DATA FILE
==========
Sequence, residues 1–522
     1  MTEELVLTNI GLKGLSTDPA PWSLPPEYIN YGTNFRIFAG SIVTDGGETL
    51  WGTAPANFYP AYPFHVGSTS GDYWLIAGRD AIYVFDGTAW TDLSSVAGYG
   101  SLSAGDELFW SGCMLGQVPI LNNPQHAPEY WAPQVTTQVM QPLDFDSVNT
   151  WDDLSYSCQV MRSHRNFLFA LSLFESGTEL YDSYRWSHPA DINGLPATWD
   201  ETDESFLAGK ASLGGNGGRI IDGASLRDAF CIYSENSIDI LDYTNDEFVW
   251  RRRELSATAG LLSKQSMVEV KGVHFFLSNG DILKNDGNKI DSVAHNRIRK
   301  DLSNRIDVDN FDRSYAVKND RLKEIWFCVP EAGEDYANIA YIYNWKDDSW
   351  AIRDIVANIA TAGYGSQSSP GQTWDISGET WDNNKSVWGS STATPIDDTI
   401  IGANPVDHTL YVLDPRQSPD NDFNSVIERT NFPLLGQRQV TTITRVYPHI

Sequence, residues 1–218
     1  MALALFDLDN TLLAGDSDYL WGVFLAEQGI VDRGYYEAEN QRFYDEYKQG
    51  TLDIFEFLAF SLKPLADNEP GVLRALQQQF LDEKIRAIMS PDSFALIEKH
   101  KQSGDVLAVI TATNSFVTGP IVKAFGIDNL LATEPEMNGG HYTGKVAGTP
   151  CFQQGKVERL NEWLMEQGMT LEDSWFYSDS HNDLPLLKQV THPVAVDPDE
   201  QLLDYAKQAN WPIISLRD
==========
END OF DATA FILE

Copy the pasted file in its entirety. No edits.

Sequence, residues 1–522
     1  MTEELVLTNI GLKGLSTDPA PWSLPPEYIN YGTNFRIFAG SIVTDGGETL
    51  WGTAPANFYP AYPFHVGSTS GDYWLIAGRD AIYVFDGTAW TDLSSVAGYG
   101  SLSAGDELFW SGCMLGQVPI LNNPQHAPEY WAPQVTTQVM QPLDFDSVNT
   151  WDDLSYSCQV MRSHRNFLFA LSLFESGTEL YDSYRWSHPA DINGLPATWD
   201  ETDESFLAGK ASLGGNGGRI IDGASLRDAF CIYSENSIDI LDYTNDEFVW
   251  RRRELSATAG LLSKQSMVEV KGVHFFLSNG DILKNDGNKI DSVAHNRIRK
   301  DLSNRIDVDN FDRSYAVKND RLKEIWFCVP EAGEDYANIA YIYNWKDDSW
   351  AIRDIVANIA TAGYGSQSSP GQTWDISGET WDNNKSVWGS STATPIDDTI
   401  IGANPVDHTL YVLDPRQSPD NDFNSVIERT NFPLLGQRQV TTITRVYPHI

Sequence, residues 1–218
     1  MALALFDLDN TLLAGDSDYL WGVFLAEQGI VDRGYYEAEN QRFYDEYKQG
    51  TLDIFEFLAF SLKPLADNEP GVLRALQQQF LDEKIRAIMS PDSFALIEKH
   101  KQSGDVLAVI TATNSFVTGP IVKAFGIDNL LATEPEMNGG HYTGKVAGTP
   151  CFQQGKVERL NEWLMEQGMT LEDSWFYSDS HNDLPLLKQV THPVAVDPDE
   201  QLLDYAKQAN WPIISLRD